New Delhi, Sep 30 (IANS) Actress Shikha Talsania feels body-shaming jokes are as bad as racist jokes, and says she is still trying to cope up with her body image issues.
Since the time she entered the industry, the “Veere Di Wedding” actress has been breaking stereotypes around the body image in the entertainment industry.
“Body-shaming jokes are just lazy and as bad as racist jokes. It’s imperative for us to be body positive, regardless of your ‘store size’ because we put more importance on what we look like rather than our actions,” Shikha told IANS.
“If we don’t call it out, it becomes acceptable for people to judge you and make fun of your body. And then you start believing it and equating yourself worth with how much you weigh, which shouldn’t be acceptable,” she added.
Shikha is confident about her body, and that reflects in her work as well. But her struggle with body image is far from over.
“I still struggle with it (body image). Everybody does. And the entire human race does — we’ll keep struggling with it till kingdom come because humans are vain creatures. And we live in a world that thrives on insecurities (body, mind, privilege etc). The only way to cope is to take it one day at a time, work on you mind, body, heart and soul everyday. And love. Fill your heart with love for yourself and everyone and everything around you,” she said.
How do you think the attitude has changed in Bollywood? “Well, I was one of the protagonists in a commercial top bilking film — that’s a sure fire sign that things are changing. There changing all over the world where it’s becoming way more inclusive and aware that it used to be. Hopefully it’s just upwards from here,” said the daughter of Tiku Talsania.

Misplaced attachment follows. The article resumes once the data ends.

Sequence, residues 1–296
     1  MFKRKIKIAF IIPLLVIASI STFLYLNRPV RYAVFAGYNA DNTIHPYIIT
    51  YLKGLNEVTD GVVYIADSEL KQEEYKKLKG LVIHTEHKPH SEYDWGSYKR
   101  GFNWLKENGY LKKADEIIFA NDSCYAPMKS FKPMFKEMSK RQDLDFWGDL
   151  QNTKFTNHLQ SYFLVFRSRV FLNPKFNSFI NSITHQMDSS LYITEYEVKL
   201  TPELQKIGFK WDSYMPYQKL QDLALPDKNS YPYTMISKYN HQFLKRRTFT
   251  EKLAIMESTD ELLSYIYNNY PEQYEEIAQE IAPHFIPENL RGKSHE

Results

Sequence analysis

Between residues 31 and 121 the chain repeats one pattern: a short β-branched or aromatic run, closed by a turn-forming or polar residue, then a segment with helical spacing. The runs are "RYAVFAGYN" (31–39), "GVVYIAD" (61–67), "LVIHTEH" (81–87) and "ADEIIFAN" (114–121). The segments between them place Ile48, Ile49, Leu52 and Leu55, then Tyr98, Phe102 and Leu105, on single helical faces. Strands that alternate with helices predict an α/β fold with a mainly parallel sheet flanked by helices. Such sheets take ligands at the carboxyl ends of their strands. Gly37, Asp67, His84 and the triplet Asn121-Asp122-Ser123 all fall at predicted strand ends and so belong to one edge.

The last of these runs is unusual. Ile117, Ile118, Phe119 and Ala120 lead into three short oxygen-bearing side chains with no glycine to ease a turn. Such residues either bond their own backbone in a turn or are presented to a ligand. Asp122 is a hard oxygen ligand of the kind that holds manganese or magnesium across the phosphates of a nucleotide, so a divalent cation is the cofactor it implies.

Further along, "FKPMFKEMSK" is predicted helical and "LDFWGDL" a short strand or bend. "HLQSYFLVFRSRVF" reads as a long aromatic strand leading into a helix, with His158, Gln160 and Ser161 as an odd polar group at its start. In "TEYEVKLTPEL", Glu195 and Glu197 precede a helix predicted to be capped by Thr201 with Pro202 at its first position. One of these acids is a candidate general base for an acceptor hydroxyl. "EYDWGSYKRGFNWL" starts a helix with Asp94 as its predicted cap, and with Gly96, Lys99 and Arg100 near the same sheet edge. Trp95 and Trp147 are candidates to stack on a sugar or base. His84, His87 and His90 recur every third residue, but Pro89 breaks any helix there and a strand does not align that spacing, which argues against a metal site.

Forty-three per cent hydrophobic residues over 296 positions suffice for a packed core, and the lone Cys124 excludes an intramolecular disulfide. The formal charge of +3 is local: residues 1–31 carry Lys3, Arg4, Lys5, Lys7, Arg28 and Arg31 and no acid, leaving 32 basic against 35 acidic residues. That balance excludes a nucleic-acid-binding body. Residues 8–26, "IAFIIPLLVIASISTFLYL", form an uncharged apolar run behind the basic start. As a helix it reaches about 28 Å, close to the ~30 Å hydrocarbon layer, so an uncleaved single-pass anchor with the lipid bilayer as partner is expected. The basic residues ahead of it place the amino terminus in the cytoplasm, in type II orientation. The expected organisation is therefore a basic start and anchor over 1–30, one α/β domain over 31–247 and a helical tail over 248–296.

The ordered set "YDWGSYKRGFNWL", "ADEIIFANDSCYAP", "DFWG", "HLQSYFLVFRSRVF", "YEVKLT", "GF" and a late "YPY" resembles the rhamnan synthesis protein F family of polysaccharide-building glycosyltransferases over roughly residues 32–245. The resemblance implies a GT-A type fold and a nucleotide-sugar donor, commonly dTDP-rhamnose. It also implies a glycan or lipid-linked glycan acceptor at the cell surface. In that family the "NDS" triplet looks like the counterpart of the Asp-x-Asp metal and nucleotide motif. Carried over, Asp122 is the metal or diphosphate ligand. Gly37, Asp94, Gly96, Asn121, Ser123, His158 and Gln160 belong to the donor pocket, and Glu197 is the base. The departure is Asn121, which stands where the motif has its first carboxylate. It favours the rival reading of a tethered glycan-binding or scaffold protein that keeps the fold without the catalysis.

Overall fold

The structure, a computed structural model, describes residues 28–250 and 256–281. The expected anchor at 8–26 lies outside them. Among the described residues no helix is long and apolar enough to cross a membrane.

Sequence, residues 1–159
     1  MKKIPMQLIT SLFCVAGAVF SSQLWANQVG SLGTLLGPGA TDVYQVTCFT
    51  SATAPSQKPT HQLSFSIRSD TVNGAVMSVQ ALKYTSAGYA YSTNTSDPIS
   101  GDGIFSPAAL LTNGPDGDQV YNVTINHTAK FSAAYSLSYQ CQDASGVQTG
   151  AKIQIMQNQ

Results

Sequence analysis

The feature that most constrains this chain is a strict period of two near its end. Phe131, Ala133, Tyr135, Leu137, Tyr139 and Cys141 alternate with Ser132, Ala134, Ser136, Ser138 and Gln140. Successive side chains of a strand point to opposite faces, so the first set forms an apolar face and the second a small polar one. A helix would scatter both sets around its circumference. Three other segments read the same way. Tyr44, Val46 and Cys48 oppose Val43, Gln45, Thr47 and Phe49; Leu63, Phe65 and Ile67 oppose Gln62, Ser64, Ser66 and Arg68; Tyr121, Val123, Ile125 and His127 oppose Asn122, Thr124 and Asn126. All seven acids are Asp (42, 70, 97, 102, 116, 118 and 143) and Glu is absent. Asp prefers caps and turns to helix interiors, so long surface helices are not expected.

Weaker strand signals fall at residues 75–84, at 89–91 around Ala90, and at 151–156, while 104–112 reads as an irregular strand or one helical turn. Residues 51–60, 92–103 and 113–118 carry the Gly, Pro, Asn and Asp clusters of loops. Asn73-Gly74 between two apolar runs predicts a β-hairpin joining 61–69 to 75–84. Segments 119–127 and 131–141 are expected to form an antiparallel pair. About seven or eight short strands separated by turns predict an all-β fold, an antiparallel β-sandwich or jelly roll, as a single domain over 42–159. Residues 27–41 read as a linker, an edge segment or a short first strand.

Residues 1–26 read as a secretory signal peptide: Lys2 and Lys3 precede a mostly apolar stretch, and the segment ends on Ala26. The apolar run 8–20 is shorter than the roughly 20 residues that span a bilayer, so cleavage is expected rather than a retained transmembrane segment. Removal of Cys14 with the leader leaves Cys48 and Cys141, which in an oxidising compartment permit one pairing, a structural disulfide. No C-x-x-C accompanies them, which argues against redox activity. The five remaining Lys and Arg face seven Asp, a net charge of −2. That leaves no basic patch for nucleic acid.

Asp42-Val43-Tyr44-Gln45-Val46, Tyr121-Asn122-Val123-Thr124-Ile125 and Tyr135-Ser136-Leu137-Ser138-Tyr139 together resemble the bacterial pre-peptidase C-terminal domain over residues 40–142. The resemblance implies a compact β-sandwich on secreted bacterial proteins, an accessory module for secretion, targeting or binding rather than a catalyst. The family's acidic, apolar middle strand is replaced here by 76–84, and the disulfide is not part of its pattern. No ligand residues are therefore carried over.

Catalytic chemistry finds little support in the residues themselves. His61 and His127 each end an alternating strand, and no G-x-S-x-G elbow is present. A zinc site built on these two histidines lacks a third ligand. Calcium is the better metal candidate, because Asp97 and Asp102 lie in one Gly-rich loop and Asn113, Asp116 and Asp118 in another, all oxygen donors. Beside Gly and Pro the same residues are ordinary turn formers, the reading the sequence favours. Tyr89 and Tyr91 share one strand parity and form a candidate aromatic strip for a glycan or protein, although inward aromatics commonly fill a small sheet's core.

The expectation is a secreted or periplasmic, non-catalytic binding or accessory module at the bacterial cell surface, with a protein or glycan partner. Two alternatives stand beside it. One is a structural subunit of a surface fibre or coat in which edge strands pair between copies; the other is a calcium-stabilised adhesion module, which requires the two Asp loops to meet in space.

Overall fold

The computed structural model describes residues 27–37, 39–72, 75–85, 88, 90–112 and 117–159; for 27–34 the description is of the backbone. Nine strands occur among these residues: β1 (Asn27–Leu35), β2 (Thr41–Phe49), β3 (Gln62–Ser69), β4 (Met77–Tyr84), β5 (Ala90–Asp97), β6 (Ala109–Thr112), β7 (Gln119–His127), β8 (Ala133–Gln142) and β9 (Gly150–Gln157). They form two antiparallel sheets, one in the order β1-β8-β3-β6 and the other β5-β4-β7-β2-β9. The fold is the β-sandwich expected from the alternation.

Starting from “Wake Up Sid” in 2009, Shikha also featured in “Dil Toh Baccha Hai Ji” and “Midnight’s Children”. She will make her debut in the digital space with web series “Gormint”, and will be seen in “Coolie No 1” with Varun Dhawan and Sara Ali Khan.
She has refused to be stereotyped in the role of a friend of the main lead, or a part of the project to add comic element.
The actress says she did so “by refusing a whole lot of stereotyped — unidimensional parts. Much to the dismay of my bank balance and my sanity”.
Now, Shikha wants to continue challenging herself as an actor.
“Being in actor or anyone else in the creative field is challenging enough! Every project , every character has its challenges — I welcome them with open arms because that’s the fun of it,” she said.
What’s next? “Completing projects, waiting for them to release, reading a lot of new stuff and getting back to theatre with fervour,” she said.
(Sugandha Rawal can be contacted at firstname.lastname@example.org)